In 2012, when she was 20, her husband died in an accident. Her in-laws threw her out of the house, saying that they had no use for her or her 4 month old child. She went to live with her parents, and learned to drive. At first she did private contract driving for JNU professors and then for some NGOs.  Then in 2014, she was a part of the first batch of women trained to be drivers by Meru. 

She tells me that she works hard. She is at the end of a 24 hour shift (worrying, no?) She wants to earn enough to support her parents, and ensure her son has a good education. Hard work does not bother her at all. 

I decide to take Sarita for coffee and a sandwich at Barista (I've had to cancel my meeting in Gurgaon due to traffic jams, and she hasn't eaten for hours). We continue to chat.

We chat about her safety as a woman driver specially in early morning and late night trips. She says she is prepared. She has learned self defense, and has a panic button in her car. She works for Meru as Meru has verified passengers. Also that the police are very supportive of women cab drivers. 

The biggest detractors to her career has been relatives & neighbors and male commercial drivers. Relatives and neighbors tut-tut at her wearing trousers and working outside the house and at all odd hours. They want her to get married again. She does not want to be dependent on a man. Male commercial drivers resent a woman taking their job. Her take - its not their job. They are not as good at it as she is - so - it is her job. Let them beat her if they can!

What does she need? Sarita wants more public restrooms (she is recovering from a kidney infection caused by holding her urine for hours). She wants help to understand and utilize government schemes for the poor. 

She leaves me her number and asks me to call her if ever I need a cab.

And she blows my mind away!

Sunday, December 4, 2016

Simple Insights & A Story On Gender Diversity

Diversity Dialogs' Logo
I continue to chat with my father on gender and gender diversity.

A little more background on my father, Anna. He was born into a family that was not well off, with 10 children (7 of them girls). His mother was a strong woman. As were many of his sisters. He saw and lived thru' the struggles of his mother and his sisters (and there were many). I think his perspective on equal rights for women came from some of those experiences.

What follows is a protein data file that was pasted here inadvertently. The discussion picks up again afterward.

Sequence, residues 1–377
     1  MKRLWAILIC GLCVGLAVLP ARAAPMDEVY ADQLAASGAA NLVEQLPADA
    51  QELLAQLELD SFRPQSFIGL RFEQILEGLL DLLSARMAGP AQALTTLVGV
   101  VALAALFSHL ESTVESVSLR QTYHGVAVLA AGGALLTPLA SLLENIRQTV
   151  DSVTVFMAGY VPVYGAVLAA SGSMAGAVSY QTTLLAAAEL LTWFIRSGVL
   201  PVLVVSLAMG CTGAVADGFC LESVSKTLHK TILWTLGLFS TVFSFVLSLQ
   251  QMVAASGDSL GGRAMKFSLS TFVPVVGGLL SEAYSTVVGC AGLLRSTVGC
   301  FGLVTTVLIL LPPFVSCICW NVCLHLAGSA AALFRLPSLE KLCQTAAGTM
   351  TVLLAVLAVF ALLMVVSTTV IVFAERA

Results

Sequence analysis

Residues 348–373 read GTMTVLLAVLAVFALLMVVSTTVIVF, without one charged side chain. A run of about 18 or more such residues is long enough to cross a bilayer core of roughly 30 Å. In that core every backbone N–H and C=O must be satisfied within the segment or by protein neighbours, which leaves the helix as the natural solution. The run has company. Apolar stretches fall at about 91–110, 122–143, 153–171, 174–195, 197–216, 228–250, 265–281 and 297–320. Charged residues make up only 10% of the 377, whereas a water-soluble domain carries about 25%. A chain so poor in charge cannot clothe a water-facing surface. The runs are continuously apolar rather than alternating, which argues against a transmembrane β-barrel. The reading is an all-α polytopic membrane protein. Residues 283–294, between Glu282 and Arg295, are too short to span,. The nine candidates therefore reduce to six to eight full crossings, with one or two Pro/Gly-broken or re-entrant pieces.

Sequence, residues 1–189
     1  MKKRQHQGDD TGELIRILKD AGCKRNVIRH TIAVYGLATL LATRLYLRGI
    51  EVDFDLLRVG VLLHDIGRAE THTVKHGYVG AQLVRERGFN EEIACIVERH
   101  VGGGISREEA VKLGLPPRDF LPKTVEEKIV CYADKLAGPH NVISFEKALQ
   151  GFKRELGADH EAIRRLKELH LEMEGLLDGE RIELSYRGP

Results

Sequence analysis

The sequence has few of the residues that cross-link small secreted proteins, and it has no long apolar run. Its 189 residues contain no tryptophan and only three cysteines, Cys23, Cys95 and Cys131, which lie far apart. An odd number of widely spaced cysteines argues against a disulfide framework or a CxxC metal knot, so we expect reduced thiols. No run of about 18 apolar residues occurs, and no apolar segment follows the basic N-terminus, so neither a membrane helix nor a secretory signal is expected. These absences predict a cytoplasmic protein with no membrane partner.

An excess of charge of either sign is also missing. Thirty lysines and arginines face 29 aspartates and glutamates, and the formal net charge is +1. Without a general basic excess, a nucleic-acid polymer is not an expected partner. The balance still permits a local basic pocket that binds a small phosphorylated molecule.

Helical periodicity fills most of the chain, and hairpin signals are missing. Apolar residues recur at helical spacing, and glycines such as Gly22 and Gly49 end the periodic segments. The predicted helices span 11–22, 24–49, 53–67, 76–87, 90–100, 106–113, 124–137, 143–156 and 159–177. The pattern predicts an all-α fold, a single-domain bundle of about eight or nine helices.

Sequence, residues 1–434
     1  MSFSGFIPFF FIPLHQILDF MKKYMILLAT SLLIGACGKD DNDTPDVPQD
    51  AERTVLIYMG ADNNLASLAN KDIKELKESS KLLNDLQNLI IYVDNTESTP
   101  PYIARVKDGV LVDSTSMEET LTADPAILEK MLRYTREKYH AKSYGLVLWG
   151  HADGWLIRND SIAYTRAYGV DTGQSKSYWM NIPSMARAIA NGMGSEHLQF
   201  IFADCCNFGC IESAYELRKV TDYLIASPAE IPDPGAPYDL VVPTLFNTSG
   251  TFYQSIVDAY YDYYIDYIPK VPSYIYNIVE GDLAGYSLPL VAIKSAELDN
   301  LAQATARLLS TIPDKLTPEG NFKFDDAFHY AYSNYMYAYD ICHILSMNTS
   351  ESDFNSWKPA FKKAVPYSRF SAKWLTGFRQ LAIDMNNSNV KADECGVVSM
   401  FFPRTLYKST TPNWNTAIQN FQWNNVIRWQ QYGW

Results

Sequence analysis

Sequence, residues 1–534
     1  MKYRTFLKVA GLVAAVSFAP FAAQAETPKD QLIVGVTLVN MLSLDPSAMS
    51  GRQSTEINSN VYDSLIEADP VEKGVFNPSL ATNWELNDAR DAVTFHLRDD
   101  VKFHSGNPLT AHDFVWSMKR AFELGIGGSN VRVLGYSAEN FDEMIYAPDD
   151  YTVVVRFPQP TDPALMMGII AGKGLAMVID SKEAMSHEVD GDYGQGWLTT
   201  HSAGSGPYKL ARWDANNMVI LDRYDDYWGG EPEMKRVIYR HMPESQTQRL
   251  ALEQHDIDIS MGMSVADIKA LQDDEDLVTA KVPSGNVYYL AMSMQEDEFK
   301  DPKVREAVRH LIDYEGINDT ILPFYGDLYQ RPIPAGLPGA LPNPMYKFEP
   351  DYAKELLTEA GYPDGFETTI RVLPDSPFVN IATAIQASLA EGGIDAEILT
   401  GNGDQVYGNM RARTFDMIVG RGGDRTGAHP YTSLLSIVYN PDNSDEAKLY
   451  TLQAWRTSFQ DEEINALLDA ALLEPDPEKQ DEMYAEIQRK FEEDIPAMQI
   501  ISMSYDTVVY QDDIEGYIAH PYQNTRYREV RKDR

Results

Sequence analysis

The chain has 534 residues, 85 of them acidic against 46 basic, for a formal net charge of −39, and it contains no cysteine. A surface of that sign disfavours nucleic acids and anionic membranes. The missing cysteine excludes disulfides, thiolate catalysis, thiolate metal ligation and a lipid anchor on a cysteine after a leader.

Anna insisted that we all study what we want and for however long we want. That we ask questions. That we experience the different. And that we work and became financially independent. Tho' Amma, my mother did not work, Anna and Amma would always say to us, "Do whatever you want. Just ensure you earn enough to support yourself."

Here are some more snippets of our dialogs.

Snippet 4 - The right to worship

Anna and I watch the news of women entering Haji Ali after 5 years.

Anna: What is happening?

Me: Anna for many years, women have been fighting legal battles and protesting to get equal access to places of worship. Like to Sabarimala, Haji Ali, Shani Shingnapur.

Anna: Why?

Me: Anna, women believe that they have as much right to worship their Gods as men do. And that religious institutions can not restrict them based on gender.

Anna: But every religion has the right to manage its religious affairs.  How did this change? Was it the court?

Me: Anna, I understand that the Dargah Trustees listened to the Supreme Court and made provisions to enable women and men to worship at Haji Ali.

Anna: It is a good start. I hope that other religions and shrines learn from this and make worship equal for all.

Snippet 5 - The Treatment of Widows

A child widow. From the movie "Water"
Anna: Only in Hinduism do we uglify our widows.

I am sure there is no such word as "uglify" in the English language, but I let it pass. I am sure that the conversation will be more interesting than correct English.

Me: Anna, why do you think that widows are treated so badly?

Anna: It was a way to subdue widows. Their heads were shaved. They were made to wear drab white. They were starved. Kept hidden away from people. All this was to make sure that no one would find her attractive and marry her. It was a way to keep wealth and property in the family.

Long Pause.

Anna: How could we forget that she was a daughter and sister first, and then a wife and mother. Treating your daughter, sister, or mother so badly is against humanity.

Long Pause.

Anna: Relationships are more important that state of a person.

Snippet 6 - One Child Can Make A Change 

My maternal grandfather, PR Krishnarao
Me: Anna, you remember the story about Daddy and his mother?

Daddy was what we called our maternal grandfather.

Anna nods his head. I get the feeling that recalling the story is too much of a strain for him.  So I retell him the story.